One question that led me to Australia is whether Australian Riesling can age. The wine is almost always released within a year of harvest so the tendency is to drink it young when it can be very refreshing. Riesling from Australia tends to be dry and is almost always bottled under screwcap now.
The youngest Riesling I’ve tasted was a tank sample of the 2009 Jacob’s Creek Steingarten Riesling. The Steingarten vineyard was originally about 1000 vines planted in the 1960s at the top of Trial Hill, a windy spot on the edge of the Eden Valley. At the outset, it was a single vineyard wine of tiny production. But now although most of the vines come from an altitude of 500 meters, it makes no claim to be site specific; the Steingarten name is a brand. The tank sample was brimming with citrus intensity but not yet really formed as a wine. The 2005, by contrast, was in a very nice spot, exhibiting more muted lime and floral character. The 1998 was oddly phenolic and, while quite solid, not as rewarding today as the 2005.
The Riesling of the trip for me was the 1984 Grosset Polish Hill. The fourth vintage of Polish Hill, it was bottled under cork (they switched to screwcap around 2000) and had mid-shoulder fill (if the bottle had shoulders, that is) and came directly from the cellar of Jeffrey Grosset (pictured right), one of only a few bottles remaining. The aromatics were muted but on the palate, the wine was terrific with a great weight and kind of oily character, great integration. The finish was spectacular and went on and on. (On a related note, his current release 2008 Polish Hill had excellent citrus character akin to the white of a pink grapefruit. The grapes were hand-picked, only free-run juice used, and the resulting wine has integrated acidity and minerality.)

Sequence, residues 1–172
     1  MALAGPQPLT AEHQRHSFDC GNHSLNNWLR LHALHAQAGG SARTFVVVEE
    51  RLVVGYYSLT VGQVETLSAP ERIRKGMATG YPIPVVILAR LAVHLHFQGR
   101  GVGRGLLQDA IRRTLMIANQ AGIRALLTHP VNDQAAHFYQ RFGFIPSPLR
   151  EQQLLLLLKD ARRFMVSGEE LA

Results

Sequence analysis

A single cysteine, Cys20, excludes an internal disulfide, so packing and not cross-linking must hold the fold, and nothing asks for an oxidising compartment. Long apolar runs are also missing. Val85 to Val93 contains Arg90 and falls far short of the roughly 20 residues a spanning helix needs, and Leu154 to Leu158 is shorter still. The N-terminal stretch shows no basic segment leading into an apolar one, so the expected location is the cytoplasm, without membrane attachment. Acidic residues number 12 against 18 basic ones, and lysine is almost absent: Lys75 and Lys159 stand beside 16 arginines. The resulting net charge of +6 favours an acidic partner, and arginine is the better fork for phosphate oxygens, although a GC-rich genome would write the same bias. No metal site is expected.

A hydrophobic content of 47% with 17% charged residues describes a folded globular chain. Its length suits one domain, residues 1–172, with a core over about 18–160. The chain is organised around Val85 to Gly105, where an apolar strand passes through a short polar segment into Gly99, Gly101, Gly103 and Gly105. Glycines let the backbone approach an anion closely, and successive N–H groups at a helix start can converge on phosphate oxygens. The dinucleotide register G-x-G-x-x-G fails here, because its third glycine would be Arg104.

Also of note was the 1973 Leo Buring DWC15 Riesling Clare Valley. Golden in color, it exhibited some of those toasty notes that mature Aussie Riesling is known to have on the aroma and still had layered complexity. It’s still in a good place now but reaching the end of maturity–good thing these were among the last bottles remaining.
The 2002 Peter Lehmann reserve Riesling Eden Valley had toasty, lightly honeyed nose with a strong attack, limey midpalate and expansive, rewarding, and lingering finish. The 1999 Pewsey Vale The Contours Riesling Eden Valley, so called because the rows of vines follow the contours of the hillside, was originally released with five years of age on it. Today it showed more maturity but still had a freshness from good acidity. The 1980 Pewsey Vale Rhine Riesling Eden, golden in color, was interesting but definitely in the “drink now” part of its bottle evolution.
Finally, 1996 Crawford River Riesling Henty was picked late, in May, and has “essentially no botrytis” according to the producer. But to me it had a lovely honeyed note that perhaps had a hint of the noble rot. Quite delicious. I also enjoyed one of the current releases from this producer. But I’ll save that along with some other young, fresh Rieslings for a future post.
As a summary comment here, Australian Rieslings are worthwhile with age and can show bottle evolution even under screwcap. The hardest part is probably not drinking them while they are young. But tasting that magical transformation from lime-fresh minerality of youth to the gently honeyed, toasty quality of mature bottles can be worth the wait.
Search for these wines on wine-searcher.com